Multi-user receivers for the ARGOS system


The ARGOS system is a satellite system dedicated to the study of the environment [1][2]. ARGOS beacons transmit their data periodically to low polar orbit satellites that receive, decode, and then forward the data to ground processing stations [3]. One of the major issues of the ARGOS system concerns the service rate, i.e., the percentage of visible beacons that are successfully processed by an ARGOS satellite. Note that only 6% of the total number of beacons are visible from an ARGOS satellite. The service rate is decreasing with the increasing number of beacons. It is now 68% for a population of 21,000 beacons (2011) but it will fall under 50% when the population will reach 37,600. This is because the Multiple Access Interference (MAI) at the ARGOS satellite receivers is increasing with the number of deployed beacons and the receivers have not been designed to take into account this kind of interference. The origin of the MAI is twofold. First, the relative motion between the beacons and the satellites induces large Doppler shifts on the transmitted frequencies, so the emitted signals overlap in frequency. This happens despite the fact that each beacon has its own carrier frequency. Second, the signals overlap in time since there is no time synchronization between the users. Increasing the system bandwidth or designing spectrally efficient waveforms only provide short term solutions since these techniques do not tackle the main problem, i.e., the suppression of the MAI. 

ARGOS system

Designing MUD receivers for the ARGOS satellite system

We have designed Multi-User Detection (MUD) receivers for the ARGOS system. MUD techniques have been widely used in the context of Code Division Multiple Access (CDMA) systems [4], [5].
MUD receivers have been first evaluated in the synchronous case, i.e., when the beacon signals are all received at the same time at the satellite [6]: converntional detector, maximum likelihood receiver, decorrelator, successice interference cancellation (SIC) receiver and parallel interference cancellation (PIC) receivers. Although this case is unrealistic, it provides useful guidance on the design of MUD techniques in the asynchronous case. The design of MUD receivers in the asynchronous case has also been addressed in [7].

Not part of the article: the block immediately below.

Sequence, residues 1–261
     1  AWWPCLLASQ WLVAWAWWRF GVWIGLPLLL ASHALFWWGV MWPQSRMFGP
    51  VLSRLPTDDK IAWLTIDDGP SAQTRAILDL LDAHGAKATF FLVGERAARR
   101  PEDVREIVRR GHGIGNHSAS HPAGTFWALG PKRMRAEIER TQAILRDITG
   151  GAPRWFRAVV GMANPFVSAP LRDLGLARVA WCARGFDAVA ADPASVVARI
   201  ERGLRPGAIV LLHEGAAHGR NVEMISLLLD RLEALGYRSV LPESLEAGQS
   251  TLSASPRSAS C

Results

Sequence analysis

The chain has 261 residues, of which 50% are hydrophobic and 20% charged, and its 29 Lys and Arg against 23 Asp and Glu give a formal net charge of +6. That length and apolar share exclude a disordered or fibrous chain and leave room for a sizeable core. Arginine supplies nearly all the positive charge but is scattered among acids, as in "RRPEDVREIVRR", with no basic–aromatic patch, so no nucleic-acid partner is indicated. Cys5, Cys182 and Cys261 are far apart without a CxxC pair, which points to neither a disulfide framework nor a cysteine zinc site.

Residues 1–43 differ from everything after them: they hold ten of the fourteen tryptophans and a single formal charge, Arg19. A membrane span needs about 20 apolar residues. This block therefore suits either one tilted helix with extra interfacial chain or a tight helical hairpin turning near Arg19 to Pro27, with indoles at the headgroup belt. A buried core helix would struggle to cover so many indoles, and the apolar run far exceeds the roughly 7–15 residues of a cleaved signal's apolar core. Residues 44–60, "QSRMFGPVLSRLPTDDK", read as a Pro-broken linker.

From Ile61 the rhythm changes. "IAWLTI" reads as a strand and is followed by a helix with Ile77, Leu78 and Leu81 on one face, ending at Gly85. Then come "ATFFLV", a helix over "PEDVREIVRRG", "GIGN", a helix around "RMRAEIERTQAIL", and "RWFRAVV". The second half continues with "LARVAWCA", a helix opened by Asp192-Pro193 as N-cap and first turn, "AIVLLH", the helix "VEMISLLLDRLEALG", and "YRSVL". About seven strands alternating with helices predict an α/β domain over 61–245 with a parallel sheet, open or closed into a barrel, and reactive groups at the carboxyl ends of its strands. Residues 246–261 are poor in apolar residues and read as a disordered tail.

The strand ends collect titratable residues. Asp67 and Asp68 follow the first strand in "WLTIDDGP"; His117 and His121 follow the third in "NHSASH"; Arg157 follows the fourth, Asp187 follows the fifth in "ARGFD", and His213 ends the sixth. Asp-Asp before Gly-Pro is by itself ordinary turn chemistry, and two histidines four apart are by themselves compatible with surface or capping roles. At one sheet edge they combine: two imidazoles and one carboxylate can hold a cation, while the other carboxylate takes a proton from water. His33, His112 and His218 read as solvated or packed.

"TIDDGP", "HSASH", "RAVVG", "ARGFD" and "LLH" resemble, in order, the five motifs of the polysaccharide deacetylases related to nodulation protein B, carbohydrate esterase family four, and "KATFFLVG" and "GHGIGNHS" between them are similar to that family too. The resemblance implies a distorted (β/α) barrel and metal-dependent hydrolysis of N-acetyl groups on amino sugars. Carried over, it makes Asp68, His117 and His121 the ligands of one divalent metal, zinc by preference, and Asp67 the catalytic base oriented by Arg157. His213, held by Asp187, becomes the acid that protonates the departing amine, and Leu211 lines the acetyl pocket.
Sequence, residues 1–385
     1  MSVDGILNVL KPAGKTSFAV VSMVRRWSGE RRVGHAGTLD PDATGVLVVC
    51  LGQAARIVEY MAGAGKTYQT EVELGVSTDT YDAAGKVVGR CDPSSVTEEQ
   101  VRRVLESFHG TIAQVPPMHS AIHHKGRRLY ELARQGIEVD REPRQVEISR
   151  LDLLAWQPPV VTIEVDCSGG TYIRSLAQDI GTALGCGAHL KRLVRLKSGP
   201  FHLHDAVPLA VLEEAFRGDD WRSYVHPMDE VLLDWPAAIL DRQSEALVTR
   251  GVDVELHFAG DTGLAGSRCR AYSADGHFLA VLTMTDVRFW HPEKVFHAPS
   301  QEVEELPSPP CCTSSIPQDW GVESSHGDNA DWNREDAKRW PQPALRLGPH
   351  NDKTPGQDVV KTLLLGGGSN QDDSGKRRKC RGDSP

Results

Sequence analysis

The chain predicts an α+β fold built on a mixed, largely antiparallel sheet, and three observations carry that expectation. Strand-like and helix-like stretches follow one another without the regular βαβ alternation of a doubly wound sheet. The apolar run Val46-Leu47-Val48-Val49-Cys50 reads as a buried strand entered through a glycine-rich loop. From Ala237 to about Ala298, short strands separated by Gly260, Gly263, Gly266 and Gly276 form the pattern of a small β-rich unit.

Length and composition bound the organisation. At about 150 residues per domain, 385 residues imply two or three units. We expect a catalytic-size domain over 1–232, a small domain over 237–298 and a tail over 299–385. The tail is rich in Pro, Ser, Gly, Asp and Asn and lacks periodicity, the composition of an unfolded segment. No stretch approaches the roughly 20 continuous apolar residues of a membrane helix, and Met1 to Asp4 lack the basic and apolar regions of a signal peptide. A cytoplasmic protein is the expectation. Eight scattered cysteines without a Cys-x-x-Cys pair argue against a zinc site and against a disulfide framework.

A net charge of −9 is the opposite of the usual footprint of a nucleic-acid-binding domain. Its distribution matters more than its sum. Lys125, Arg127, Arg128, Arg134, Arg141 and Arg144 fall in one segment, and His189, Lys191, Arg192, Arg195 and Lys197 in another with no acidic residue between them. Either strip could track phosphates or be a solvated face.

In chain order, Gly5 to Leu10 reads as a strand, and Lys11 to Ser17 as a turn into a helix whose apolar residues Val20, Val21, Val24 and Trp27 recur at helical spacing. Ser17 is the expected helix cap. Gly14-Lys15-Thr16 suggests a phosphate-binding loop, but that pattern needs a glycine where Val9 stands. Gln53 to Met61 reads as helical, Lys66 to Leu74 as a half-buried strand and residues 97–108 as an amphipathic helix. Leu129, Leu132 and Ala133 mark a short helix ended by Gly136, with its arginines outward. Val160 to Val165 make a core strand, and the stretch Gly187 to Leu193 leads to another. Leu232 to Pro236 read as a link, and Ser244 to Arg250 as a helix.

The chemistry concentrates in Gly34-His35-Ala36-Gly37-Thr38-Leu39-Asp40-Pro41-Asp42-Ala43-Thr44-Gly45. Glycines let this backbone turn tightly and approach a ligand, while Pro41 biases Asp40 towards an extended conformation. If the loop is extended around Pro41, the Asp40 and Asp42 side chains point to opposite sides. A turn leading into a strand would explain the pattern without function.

We have also determine the conditions in which two signals are successfully decoded when two signals are received at the satellite [8]. For instance, the next figure shows the areas of successful decoding for different relative frequency shifts and different reltive time delays, when exactly two ARGOS beacons are received by the satellite.

Fig. 1: Area of successful decoding as a function of the relative frequency shift Δf/R and the relative time delay Δt/T , for a signal to interference ratio of 10 dB and a received signal to noise ratio of 10 dB on the user of interest. The dots denote the cases for which both users are successfully decoded. The circles denote the cases for which only one user is decoded, and there is no marker when none of the two users has been decoded.

This is a first step toward the successful decoding of all the colliding signals. We have shown that our approach is able to process 98% of the cases. In this way, the service rate can reach 83% for a population of 37,600 beacons when the signals parameters are perfectly estimated, and 67% when imperfect parameter estimation is considered [10].
The impact of imperfect parameter estimates has also been addressed and a Viterbi & Viterbi algorithm has been  proposed for the joint estimation of the amplitude and carrier phase [9].
Receivers have been evaluated in terms of Bit Error Rate (BER) as a function of several system parameters: the relative frequency shift and the signal to interference ratio between the two received signals, and the Eb/N0 ratio, where Eb is the average energy received per bit and N0 is half the noise variance of the AWGN (Additive White Gaussian Noise) channel. Note that the Eb/N0 ratio is similar to a Signal to Noise Ratio (SNR) per bit.

References and Contributions

  1. “ARGOS: Worldwide Tracking and Environmental Monitoring by Satellite,”
  2. D. Clark, “Overview Of the Argos System,” in Proceedings of OCEANS’89, 1989, pp. 934–939.
  3. CNES, “Platform Transmitter Terminal (PTT-A2) Platform Message Transceiver (PMT-A2) - Physical Layer System Requirements,” in AS3-SP-516-274-CNES, 2006.
  4. S. Verdu, “Multiuser Detection.” Cambridge Press, 1998.
  5. R. Lupas and S. Verd´u, “Linear Multiuser Detectors for Synchronous Code-Division Multiple-Access Channels,” IEEE Transactions on Information Theory, vol. 35, no. 1, pp. 123–136, 1989.
  6. F. Fares, M.-L. Boucheret, B. Escrig, T. Calmettes, and H. Guillon, “Multiuser Detection for Time Synchronous ARGOS Signals,” in Proc. International Communications Satellite Systems Conference (ICSSC), 2009.
  7. F. Fares, M.-L. Boucheret, B. Escrig, T. Calmettes, and H. Guillon, “Multiuser Detection for Time Asynchronous ARGOS Signals,” in Proc. IEEE, IET International Symposium on Communication Systems, Networks and Digital signal Processing (CSNDSP), 2010.
  8. B. Escrig, F. Fares, M.-L. Boucheret, T. Calmettes, and H. Guillon, “Impact of Imperfect Parameter Estimation on the Performance of Multi-User ARGOS Receivers,” in Proc. IEEE Global Telecommunications Conference (GLOBECOM), 2010.
  9. F. Fares, B. Escrig, M.L. Boucheret, T. Calmettes, H. Guillon : “Non Data Aided Parameter Estimation for Multi-User ARGOS Receivers,” Wireless Telecommunications Symposium (WTS), London, UK, april 2012.
  10. F. Fares, B. Escrig, M.L. Boucheret, T. Calmettes, H. Guillon : “Multi-User Detection for the ARGOS Satellite System,” International Journal of Satellite Communications and Networking, Wiley, (Second revision in progress).